How Does A Shock Collar Work?
Shock collars are a type of aversive training initially used in the 1960s to train hunting dogs. These days, shock collars are often used to curb a variety of stubborn and unwanted behaviors in family dogs, from excessive barking to food aggression, as well as to train pups to stay safely within a property line or to stick close by while off leash.
Shock collars are not intended as a punishment, but more as a deterrent to train negative or unsafe behavior out of a dog. The theory is that your dog will associate the unwanted behavior with an uncomfortable shock and stop doing it until they no longer require the reminder.
The shock administered by an approved shock collar is safe, so while it is certainly enough to get your dog’s attention and deter certain behaviors, it won’t do any lasting physical harm. With most shock collars, there are several levels of enforcement, so you can set the level to reprimand the unwanted behavior accordingly. For example, many shock collars will administer a beep and/or a vibration as a warning before an actual shock is delivered to your dog. The beep also allows you to give a verbal command (“No!” or “Down!”) with the warning beep or vibration to further disrupt the unwanted behavior. With boundary training (often marketed as an electric fence or an invisible fence), the shock collar is triggered by wires placed underground along the property line so the dog learns exactly how far they can go before they reach the boundary.
Once set to “shock” mode, there are usually varying levels of intensity delivered by a two-pronged device attached to a dog collar. If you’re using a shock collar as a barking deterrent, the collar responds to the vibration of your dog’s vocal cords. If you’re using the collar to deter behavioral issues like food aggression, jumping or leash aggression, a remote control allows you to administer the shock in conjunction with the unwanted behavior.
Eight Things You Need to Know Before Buying a Shock Collar
We have chosen four pros and four cons that we think everyone should consider before using or purchasing a shock collar for a dog. Please be sure to read these carefully, and feel free to ask us any questions you have about the pros and cons of using a shock collar.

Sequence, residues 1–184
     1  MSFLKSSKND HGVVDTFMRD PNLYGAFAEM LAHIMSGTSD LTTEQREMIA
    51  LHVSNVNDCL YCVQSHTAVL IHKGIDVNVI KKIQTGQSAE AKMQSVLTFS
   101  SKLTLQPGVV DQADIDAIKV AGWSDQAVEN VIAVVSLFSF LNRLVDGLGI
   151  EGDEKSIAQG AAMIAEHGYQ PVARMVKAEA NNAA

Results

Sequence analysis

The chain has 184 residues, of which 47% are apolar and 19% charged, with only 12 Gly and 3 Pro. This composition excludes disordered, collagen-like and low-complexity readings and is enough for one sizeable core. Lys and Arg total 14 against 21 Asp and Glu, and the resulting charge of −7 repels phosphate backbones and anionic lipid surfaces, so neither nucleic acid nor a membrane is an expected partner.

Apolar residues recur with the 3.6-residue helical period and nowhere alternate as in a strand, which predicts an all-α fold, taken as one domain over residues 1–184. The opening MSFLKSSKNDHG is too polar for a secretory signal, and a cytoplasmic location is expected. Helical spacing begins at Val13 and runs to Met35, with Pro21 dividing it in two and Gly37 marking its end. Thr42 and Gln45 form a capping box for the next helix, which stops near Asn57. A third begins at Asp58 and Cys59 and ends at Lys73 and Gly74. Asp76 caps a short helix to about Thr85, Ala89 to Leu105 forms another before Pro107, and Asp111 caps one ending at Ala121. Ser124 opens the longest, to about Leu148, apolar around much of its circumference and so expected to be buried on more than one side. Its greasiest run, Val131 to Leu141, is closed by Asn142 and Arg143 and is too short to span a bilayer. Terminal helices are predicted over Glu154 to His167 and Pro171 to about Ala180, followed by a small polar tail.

Pros of Shock Collars For Dogs
1. Adjustable Intensity
Most modern shock collars give you the flexibility of a warning beep or vibration mode, and adjustable settings on the levels of shock, which can be comforting to people are who are on the fence about using a shock collar. Other collars, such as spray collars, which administer a harmless but foul-smelling blast up a dog’s snout, are usually not adjustable.
2. Fast Results
Some pet owners report that it only took a few shocks to correct an unwanted behavior in their dog and after that, the beep or vibration was warning enough. Shock collars can also be very effective at keeping your dog on your property, which will help keep them safe while giving them freedom. Of course, more stubborn dogs may take longer to train.
3. You Don’t Need to Be Present
Shock collars, when used to control chronic barking, work even while you’re away from home or inside the house. This can be especially helpful if you’ve had neighbors complain about your dog’s loud protests while you’re out. The same goes for shock collars as boundary control, although they do require some hands-on training. Of course, we don’t recommend leaving your dog unattended outside for extended periods of time, with or without a shock collar.
A shock collar can be a cheaper alternative to a professional dog trainer or a fence. Shock collars range from $25 to about $200, depending on features such as remote control, adjustable warning/shock levels, a range of distances (usually 30 to 400 yards), and the number of collars included.
Cons of Shock Collars For Dogs
1. The Shock
Most pet owners can’t fathom causing pain to their pet. But even with the ability to control the intensity of the shock, you are still using aversive behavior modification. Many dog trainers choose positive reinforcement (reward) as a means of behavior modification over negative feedback.
2. The Fear
Fear in dogs can be dangerous, so you never want to train a dog with fear. With shock training, some dogs may learn to fear people, objects, or situations they associate with the collar. One pet owner we know said their dog refused to go outside after training with the invisible fence they installed and started urinating in the house instead of going to the back door.
Without you there to control when a shock is administered, automatic bark collars and electric fences may deliver shocks unintentionally or too often. This unnecessary shock could confuse your dog by “correcting” a problem that was not even there.
4. No Positive Reward
On their own, shock collars don’t reinforce good behavior with a positive reward such as your affection, verbal approval (“Good boy!”) or a tasty treat. So while a shock collar may effectively deter negative behaviors like jumping on visitors or running after the mail carrier, it doesn’t reward positive behavior such as sitting patiently or obeying a command to “Stay!”. As with any training, you should always reinforce positive behavior with a reward of affection, playtime or a small treat.